Scientists confident radiation levels in Irish produce will not pose any risk to consumers after Fukushima
Scientists monitoring radioactivity levels in beef, pork, lamb and grain are confident they will not find any significant levels in Irish produce.
The statement comes after minute traces of radioactive Iodine-131 were detected in three milk samples last week following the Fukushima accident in Japan.
David Dawson, scientific officer with the Radiological Protection Institute of Ireland (RPII), said that a range of agricultural products were regularly tested as part of its ongoing environmental monitoring.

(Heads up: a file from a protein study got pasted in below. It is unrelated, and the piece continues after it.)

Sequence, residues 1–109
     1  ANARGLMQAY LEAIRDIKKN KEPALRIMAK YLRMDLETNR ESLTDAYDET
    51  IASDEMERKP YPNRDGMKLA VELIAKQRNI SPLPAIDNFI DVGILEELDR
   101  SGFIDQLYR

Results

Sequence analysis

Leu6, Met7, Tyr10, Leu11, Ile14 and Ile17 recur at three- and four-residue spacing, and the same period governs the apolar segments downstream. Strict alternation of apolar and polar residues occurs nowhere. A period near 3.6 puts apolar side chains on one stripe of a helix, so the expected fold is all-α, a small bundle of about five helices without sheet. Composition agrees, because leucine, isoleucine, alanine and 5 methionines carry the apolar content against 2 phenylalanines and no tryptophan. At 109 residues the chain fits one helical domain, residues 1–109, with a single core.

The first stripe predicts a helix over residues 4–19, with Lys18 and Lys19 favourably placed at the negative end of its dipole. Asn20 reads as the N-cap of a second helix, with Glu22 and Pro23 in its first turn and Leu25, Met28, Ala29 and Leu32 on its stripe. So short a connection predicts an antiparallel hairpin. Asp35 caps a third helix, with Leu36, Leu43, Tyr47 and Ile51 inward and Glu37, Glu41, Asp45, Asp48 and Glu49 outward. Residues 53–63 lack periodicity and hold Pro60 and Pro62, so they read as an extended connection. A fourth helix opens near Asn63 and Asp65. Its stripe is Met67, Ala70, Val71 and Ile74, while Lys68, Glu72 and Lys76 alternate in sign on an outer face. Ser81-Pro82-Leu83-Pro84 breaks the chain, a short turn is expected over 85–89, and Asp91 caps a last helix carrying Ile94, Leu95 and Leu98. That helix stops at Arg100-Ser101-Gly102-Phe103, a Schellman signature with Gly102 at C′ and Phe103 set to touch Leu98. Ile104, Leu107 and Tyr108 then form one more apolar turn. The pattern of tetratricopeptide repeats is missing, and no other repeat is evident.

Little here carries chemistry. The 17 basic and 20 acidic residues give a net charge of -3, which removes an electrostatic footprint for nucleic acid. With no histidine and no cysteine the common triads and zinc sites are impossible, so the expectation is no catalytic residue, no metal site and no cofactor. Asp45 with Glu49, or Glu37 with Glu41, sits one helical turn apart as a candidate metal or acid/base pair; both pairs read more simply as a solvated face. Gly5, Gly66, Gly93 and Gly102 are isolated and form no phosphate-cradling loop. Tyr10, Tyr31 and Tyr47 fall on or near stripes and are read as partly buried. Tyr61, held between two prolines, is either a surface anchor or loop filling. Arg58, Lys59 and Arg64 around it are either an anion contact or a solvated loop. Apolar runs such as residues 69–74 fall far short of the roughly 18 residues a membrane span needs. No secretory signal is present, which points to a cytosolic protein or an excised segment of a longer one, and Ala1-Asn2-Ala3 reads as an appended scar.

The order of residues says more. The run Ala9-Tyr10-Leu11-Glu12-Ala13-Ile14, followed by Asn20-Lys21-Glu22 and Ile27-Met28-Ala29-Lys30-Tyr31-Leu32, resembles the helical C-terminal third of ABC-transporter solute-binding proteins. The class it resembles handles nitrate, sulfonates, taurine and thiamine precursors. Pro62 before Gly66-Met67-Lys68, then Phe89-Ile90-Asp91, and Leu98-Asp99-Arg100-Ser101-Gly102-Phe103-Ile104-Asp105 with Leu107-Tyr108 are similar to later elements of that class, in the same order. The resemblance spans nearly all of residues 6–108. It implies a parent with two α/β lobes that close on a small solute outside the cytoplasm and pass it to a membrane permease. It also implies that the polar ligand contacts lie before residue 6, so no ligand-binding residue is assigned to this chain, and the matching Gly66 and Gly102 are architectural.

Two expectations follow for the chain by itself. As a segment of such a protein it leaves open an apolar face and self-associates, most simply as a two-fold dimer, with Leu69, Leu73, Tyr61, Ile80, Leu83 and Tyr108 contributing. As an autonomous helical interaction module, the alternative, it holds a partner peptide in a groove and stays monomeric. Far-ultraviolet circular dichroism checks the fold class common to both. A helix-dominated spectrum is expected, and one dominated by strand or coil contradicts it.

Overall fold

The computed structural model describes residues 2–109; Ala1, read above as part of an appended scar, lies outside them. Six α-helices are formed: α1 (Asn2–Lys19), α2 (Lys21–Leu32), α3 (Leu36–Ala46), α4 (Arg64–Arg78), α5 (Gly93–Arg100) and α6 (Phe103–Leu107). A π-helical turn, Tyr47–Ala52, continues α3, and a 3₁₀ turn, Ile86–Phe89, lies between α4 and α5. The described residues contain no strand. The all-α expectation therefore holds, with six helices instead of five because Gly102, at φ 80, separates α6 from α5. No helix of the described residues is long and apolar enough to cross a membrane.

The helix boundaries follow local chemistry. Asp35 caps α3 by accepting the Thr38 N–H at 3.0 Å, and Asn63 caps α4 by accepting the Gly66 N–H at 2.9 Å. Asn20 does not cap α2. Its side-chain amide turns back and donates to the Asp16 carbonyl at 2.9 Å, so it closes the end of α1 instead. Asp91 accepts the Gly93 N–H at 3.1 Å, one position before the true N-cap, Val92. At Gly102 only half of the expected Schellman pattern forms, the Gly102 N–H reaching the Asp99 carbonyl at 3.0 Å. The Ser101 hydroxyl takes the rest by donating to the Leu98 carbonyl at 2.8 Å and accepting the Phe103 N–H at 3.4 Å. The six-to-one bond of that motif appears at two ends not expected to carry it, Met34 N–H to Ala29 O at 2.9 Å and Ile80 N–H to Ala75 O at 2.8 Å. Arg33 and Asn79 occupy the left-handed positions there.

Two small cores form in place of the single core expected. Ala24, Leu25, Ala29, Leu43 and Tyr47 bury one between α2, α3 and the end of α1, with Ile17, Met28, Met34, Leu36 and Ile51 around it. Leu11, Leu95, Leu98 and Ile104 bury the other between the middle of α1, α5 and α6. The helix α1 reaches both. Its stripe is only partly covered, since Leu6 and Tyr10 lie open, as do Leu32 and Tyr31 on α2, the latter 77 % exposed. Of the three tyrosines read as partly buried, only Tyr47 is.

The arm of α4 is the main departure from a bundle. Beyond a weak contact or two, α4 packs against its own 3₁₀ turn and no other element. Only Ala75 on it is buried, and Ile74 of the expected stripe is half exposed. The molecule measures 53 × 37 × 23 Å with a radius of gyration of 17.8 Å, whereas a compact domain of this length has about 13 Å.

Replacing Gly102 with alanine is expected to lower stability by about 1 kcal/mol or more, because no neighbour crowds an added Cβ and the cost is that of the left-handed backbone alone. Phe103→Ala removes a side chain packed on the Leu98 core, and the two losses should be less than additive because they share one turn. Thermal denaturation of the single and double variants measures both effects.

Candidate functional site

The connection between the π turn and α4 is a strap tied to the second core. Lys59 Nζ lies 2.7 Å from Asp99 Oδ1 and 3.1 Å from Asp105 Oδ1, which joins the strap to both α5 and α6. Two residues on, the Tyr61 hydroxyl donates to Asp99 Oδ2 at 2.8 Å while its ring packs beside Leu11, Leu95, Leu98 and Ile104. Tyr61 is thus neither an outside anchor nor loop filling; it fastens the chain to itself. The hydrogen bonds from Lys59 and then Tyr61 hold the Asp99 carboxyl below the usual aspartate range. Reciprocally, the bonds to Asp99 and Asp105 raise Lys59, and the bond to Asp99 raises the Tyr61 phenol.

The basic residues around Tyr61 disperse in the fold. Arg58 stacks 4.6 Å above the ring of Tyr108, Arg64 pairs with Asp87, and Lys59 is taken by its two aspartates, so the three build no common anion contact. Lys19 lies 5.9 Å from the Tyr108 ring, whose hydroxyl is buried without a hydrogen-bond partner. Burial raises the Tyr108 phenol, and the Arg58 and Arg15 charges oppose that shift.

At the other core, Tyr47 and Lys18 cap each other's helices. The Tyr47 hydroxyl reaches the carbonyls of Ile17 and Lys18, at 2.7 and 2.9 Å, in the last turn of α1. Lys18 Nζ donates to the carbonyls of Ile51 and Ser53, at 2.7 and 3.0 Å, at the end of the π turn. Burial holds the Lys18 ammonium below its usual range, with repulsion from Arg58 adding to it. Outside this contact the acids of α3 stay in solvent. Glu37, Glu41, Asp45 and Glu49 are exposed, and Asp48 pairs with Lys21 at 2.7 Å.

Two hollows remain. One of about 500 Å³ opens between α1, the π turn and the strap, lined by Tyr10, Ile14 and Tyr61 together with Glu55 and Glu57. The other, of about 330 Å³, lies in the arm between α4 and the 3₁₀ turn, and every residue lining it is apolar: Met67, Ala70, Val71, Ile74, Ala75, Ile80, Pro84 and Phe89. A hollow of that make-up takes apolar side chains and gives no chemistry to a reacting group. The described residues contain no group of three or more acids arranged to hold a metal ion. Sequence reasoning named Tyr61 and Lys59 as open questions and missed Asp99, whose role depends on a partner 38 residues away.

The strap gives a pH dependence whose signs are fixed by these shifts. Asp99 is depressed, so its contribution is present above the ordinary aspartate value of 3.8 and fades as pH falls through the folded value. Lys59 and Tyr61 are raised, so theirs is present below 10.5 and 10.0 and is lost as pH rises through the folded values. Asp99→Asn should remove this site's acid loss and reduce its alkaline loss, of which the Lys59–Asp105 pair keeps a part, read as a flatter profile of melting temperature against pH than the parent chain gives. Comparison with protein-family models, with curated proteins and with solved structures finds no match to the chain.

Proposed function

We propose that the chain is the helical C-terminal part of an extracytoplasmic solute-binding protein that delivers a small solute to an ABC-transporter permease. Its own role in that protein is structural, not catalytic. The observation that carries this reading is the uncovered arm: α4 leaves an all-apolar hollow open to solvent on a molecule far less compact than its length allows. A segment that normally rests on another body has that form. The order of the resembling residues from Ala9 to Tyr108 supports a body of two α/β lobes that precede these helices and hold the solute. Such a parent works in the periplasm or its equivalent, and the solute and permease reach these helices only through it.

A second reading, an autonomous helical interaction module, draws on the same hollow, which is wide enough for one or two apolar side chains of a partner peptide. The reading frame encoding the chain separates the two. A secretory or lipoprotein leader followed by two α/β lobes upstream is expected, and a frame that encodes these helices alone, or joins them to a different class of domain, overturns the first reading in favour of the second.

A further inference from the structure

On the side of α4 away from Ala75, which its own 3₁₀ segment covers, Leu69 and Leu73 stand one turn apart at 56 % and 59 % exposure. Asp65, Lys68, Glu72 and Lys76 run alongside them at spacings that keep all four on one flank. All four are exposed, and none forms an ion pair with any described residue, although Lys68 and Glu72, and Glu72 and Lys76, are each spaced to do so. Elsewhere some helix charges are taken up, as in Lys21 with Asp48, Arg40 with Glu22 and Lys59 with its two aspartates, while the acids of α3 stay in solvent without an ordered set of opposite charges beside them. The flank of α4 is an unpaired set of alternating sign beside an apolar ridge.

"Based on the levels of radioactivity we found in milk, we do not expect to see any significant concentrations in any of those agricultural products," he said.
The milk samples were found to have radioactivity levels of 0.13, 0.19 and 0.18 becquerels (Bq) per litre, which was far below the 500Bq/kg maximum level permitted under EU law and posed no concern for consumer health.
Mr Dawson added that Iodine-131 had a biological half life of eight days in milk, which meant that radioactivity levels in milk would fall by half every eight days.
Professor Alan Reilly of the Food Safety Authority of Ireland said a person would have to drink some 96,000l of milk at those levels to exceed the annual safe limit.